To do this, I had to crank up my magic worksheet and do some serious number crunching to get a real answer for you. For this I took a client (John or Nancy) who is receiving a monthly benefit of $1,659 today and compared his annual social security at various stages down the road at an average increase of 3% per year (the long-term average) with a 2.7% annual increase (what the rate of increase would be under the new CPI). In 10 years, the monthly benefit would go to $2,165 per month under the 3% annual increase compared to $2,109 at the 2.7% increase. In 20 years, the monthly benefits go to $2,909 and $2,752 respectively, a difference of $157 per month and $1,884 annually. Should they live another 30 years and the program had no further changes in the next 30 years, the monthly amounts are $3,909 and $3,592 which is a difference of $317 per month and $3,804 per year.

Let’s assume that John/Nancy need these amounts to meet their monthly expense needs, what amount would John/Nancy need to save prior to starting their social security benefits to cover this shortfall over their lifetime?  For this I did several calculations to use. First, I assumed that the money would be invested and earn a long term rate of 6% until needed to meet the annual shortfall. If they had $10,000 more available at the beginning of retirement, this money would last 25 years. At $15,000, it would last 33 years, and at $20,000, this would cover 40 years of shortfall in the social security benefit.

Now comes the big challenge, how do we accumulate the desired amount between today and when we retire and start our social security benefits. One thing we could do is delay the start of our benefits by one or more years. This would increase our monthly benefit by about 8% for each year of deferral. For John/Nancy, that would be about $133 per month for every year they delay the start of their benefits. 

But if you have already started your benefits, that option is not available to you. So you need to be saving some additional amounts each month prior to retirement in order to accumulate the amount needed. So if you need to have $15,000 available when you retire to make up this shortfall in monthly benefits, here are some guidelines: If you have 10 years to go (age 52-55 today), you need to save an additional $1,000 per year. If you have 20 years (age 42-45 today) you need to save about $400 per year). Finally, if you have 25 years (age 37-40 today), you need to save $250 more per year. As you can see, the longer you have to save, the easier it is to save per year. But you need to get going – NOW.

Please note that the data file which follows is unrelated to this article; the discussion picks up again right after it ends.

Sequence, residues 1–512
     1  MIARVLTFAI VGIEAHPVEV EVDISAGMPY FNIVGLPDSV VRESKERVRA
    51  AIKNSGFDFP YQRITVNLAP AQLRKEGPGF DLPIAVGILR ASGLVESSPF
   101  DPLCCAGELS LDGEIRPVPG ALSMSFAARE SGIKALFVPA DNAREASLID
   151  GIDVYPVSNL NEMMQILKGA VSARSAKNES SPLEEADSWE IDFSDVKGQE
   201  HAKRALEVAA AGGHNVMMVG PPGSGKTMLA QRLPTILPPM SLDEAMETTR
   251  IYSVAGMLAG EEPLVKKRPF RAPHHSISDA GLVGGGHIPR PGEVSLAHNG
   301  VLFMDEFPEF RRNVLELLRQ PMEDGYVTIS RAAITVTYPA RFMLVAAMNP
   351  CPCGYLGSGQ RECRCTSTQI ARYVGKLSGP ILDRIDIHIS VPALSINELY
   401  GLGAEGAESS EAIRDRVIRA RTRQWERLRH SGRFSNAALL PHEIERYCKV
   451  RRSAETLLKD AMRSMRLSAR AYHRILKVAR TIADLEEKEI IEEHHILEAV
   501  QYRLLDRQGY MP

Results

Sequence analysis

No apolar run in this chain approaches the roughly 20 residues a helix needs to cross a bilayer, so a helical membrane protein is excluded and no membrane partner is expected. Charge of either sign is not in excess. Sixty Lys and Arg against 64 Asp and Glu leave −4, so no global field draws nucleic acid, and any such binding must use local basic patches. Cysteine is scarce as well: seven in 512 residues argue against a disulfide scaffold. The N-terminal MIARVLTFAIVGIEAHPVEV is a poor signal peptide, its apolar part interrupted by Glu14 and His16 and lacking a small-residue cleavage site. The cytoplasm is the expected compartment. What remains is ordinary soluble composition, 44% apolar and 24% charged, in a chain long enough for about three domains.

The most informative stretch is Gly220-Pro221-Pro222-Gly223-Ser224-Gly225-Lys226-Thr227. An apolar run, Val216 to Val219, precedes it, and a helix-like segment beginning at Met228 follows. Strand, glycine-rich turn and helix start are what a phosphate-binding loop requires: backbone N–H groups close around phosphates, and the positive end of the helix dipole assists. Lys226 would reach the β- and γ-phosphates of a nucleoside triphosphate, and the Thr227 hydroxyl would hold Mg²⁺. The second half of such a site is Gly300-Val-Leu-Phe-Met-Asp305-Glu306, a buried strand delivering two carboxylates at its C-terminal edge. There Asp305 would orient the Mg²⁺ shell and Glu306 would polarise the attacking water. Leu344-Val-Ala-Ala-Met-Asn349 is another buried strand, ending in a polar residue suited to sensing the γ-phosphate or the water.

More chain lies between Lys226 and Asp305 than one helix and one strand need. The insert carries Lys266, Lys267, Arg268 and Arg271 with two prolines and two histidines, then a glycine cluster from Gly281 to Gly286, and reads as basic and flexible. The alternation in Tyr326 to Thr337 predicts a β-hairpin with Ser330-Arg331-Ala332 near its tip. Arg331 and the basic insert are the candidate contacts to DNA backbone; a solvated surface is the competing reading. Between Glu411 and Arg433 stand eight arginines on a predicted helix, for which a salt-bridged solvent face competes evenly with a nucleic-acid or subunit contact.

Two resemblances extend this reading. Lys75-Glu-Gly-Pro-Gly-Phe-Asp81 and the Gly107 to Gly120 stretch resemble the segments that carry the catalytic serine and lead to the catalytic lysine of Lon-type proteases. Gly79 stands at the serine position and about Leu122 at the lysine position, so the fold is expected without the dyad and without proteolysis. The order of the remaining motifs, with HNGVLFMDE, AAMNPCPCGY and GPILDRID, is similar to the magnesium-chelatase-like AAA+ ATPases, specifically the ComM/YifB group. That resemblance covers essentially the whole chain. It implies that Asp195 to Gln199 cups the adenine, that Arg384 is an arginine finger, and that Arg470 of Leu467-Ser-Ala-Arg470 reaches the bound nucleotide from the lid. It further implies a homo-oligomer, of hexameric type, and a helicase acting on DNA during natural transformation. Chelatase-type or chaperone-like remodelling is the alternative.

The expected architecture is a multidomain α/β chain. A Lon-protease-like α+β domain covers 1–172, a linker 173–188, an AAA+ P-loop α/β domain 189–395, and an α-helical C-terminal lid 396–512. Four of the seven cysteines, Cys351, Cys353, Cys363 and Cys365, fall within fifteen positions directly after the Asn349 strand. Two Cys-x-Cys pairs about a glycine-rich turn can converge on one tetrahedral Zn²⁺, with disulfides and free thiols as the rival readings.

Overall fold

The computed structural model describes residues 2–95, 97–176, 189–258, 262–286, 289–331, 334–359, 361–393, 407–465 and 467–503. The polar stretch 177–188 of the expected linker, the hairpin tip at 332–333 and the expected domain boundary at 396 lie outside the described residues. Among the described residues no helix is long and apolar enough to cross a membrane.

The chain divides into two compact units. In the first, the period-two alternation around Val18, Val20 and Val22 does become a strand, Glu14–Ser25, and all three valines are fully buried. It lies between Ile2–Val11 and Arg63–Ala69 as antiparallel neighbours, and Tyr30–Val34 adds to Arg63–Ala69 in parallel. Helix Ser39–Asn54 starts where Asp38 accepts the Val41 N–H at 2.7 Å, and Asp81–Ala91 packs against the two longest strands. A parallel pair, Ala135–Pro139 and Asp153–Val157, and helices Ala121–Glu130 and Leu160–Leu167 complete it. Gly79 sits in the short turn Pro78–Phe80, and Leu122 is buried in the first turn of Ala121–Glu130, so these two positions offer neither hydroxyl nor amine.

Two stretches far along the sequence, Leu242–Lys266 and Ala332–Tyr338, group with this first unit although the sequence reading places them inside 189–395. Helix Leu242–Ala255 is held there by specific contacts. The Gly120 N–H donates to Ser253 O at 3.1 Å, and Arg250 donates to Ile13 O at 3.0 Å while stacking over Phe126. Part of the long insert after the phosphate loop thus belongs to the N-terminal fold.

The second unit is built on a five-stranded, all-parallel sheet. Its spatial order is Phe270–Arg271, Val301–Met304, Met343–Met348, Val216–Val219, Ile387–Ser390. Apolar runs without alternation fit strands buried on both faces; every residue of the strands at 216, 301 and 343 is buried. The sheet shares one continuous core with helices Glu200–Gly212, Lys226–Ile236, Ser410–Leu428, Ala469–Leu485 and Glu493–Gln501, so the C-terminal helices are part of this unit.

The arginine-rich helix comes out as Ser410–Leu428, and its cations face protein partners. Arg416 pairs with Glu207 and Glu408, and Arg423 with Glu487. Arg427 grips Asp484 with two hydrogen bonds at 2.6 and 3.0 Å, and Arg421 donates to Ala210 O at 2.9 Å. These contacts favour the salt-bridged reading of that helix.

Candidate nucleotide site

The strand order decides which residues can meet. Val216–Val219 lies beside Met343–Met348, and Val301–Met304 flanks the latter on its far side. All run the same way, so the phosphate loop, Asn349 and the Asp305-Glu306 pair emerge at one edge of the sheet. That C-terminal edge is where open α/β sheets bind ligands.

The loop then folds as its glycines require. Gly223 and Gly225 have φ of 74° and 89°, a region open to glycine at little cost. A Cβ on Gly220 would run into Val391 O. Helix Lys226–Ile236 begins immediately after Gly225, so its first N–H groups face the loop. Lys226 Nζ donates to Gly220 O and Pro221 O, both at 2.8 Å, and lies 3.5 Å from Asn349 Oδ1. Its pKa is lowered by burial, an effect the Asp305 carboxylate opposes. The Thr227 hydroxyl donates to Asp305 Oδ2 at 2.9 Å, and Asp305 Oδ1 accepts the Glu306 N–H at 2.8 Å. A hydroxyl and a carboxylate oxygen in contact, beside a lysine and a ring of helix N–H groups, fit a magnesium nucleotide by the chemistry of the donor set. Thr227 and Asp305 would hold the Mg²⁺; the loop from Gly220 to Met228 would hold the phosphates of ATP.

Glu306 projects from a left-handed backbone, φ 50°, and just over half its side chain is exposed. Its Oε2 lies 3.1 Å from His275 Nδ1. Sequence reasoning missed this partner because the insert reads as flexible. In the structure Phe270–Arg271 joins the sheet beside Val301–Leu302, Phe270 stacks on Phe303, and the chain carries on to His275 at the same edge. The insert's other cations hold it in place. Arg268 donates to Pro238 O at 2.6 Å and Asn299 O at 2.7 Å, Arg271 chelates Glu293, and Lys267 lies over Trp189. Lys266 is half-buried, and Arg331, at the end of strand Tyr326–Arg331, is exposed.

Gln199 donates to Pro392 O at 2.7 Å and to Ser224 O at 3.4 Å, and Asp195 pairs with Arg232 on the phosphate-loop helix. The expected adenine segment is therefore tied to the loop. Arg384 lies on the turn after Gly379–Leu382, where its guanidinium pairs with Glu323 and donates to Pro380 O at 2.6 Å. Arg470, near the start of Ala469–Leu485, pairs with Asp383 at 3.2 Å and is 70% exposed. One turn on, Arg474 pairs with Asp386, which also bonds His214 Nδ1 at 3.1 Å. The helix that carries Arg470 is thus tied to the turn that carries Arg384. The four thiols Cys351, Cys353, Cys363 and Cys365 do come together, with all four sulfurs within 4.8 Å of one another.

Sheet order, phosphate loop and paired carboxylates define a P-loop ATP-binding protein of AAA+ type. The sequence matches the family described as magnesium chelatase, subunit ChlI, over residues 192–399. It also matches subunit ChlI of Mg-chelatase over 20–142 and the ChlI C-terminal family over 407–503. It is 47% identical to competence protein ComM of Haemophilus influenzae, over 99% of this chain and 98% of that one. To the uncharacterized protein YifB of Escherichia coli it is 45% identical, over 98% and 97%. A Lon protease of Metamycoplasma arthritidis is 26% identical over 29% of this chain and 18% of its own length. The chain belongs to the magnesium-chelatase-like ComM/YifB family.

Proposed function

In future blogs I will tackle some of the other major issues we as individuals need to address now to avoid the challenges I believe each of us will have to face in the future. This would include items like being responsible for more of our medical expenses in the form of higher premiums, more co-pays and deductibles, paying higher income tax rates, higher FRA ages for social security, or other things that are unforeseen today.

FrancisStOnge

Francis St. Onge, CFP®
President
Total Financial Planning, LLC
Brighton, MI

Author: Francis St. Onge, CFP®

Francis St.Onge has been a CFP® since 1991 and an EA since 2003 providing financial planning and tax planning services to a broad range of middle and upper income clients in the Brighton, Michigan, and surrounding areas through Total Financial Planning, LLC. Prior to the year 2000, Frank was employed in the health care industry for over 30 years as a Chief Financial Officer, Corporate Director of Internal Audit, and Regional Compliance Officer for several large multi-health care facilities. Frank has a bachelor degree in Accounting from Northern Illinois University in DeKalb, Illinois, and is also a Certified Fraud Examiner. He has been active in his professional organizations over the years, including being President of the Eastern Michigan Chapter of the Health Care Financial Management Association, President of the Detroit Chapter of the Institute of Internal Auditors, and chairman of numerous committees. Currently, he is serving as President of the Michigan Chapter of the National Association of Enrolled Agents and was its Treasurer prior to that. He has published numerous articles and made presentations at many seminars related to the organizations he has been a member of over the years. He has been an Adjunct Professor at Oakland University and Oakland Community College.